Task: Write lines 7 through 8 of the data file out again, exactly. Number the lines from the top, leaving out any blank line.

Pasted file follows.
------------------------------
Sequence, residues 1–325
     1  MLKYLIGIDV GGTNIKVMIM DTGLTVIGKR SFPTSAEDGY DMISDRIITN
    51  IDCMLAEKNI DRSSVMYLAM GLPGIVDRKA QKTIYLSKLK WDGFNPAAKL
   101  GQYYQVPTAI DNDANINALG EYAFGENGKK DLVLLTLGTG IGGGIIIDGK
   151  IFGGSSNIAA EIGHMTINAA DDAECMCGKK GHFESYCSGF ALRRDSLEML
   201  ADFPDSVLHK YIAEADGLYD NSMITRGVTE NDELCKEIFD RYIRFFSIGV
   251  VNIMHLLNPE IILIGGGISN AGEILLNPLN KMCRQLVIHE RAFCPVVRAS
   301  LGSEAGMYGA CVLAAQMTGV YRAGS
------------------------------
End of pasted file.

   251  VNIMHLLNPE IILIGGGISN AGEILLNPLN KMCRQLVIHE RAFCPVVRAS
   301  LGSEAGMYGA CVLAAQMTGV YRAGS